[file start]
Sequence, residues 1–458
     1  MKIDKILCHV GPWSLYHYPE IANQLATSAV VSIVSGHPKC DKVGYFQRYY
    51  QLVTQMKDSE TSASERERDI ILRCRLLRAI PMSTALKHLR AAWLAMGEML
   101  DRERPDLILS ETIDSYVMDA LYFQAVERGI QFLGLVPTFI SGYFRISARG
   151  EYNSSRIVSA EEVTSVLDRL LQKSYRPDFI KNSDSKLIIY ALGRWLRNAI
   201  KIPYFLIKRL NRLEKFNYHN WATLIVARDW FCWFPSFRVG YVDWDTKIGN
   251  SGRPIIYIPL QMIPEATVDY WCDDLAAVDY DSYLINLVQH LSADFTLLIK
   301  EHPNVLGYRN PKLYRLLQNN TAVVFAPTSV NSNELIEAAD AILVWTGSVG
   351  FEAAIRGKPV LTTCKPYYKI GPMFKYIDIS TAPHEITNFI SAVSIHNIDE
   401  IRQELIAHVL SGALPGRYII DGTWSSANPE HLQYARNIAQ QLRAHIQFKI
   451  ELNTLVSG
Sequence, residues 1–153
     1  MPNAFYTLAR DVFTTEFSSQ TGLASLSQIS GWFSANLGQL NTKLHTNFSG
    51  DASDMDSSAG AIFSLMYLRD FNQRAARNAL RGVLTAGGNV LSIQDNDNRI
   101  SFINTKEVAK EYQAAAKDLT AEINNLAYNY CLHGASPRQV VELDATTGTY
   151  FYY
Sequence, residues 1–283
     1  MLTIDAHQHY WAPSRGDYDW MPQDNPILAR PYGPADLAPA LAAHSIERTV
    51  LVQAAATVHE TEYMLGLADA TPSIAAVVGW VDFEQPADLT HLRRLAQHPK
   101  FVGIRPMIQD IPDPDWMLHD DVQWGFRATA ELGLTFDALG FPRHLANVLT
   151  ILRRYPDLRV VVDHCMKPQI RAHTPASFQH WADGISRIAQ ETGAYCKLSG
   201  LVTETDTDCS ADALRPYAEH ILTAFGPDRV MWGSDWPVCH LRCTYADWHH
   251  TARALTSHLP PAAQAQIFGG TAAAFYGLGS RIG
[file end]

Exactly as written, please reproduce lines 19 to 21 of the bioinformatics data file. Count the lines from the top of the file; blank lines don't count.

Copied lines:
    51  LVQAAATVHE TEYMLGLADA TPSIAAVVGW VDFEQPADLT HLRRLAQHPK
   101  FVGIRPMIQD IPDPDWMLHD DVQWGFRATA ELGLTFDALG FPRHLANVLT
   151  ILRRYPDLRV VVDHCMKPQI RAHTPASFQH WADGISRIAQ ETGAYCKLSG